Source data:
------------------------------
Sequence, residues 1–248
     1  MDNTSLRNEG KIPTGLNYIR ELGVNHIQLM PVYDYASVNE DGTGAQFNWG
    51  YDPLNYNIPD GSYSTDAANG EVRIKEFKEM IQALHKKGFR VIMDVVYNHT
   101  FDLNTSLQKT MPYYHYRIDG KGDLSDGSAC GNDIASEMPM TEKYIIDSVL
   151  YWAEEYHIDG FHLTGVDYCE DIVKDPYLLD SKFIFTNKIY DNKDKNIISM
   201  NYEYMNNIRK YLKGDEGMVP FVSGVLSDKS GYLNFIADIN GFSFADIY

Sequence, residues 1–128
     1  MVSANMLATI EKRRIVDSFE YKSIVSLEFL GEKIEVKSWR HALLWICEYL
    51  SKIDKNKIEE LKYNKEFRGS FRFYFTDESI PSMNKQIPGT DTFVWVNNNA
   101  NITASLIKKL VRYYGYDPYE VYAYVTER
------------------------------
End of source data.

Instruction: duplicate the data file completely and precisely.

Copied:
Sequence, residues 1–248
     1  MDNTSLRNEG KIPTGLNYIR ELGVNHIQLM PVYDYASVNE DGTGAQFNWG
    51  YDPLNYNIPD GSYSTDAANG EVRIKEFKEM IQALHKKGFR VIMDVVYNHT
   101  FDLNTSLQKT MPYYHYRIDG KGDLSDGSAC GNDIASEMPM TEKYIIDSVL
   151  YWAEEYHIDG FHLTGVDYCE DIVKDPYLLD SKFIFTNKIY DNKDKNIISM
   201  NYEYMNNIRK YLKGDEGMVP FVSGVLSDKS GYLNFIADIN GFSFADIY

Sequence, residues 1–128
     1  MVSANMLATI EKRRIVDSFE YKSIVSLEFL GEKIEVKSWR HALLWICEYL
    51  SKIDKNKIEE LKYNKEFRGS FRFYFTDESI PSMNKQIPGT DTFVWVNNNA
   101  NITASLIKKL VRYYGYDPYE VYAYVTER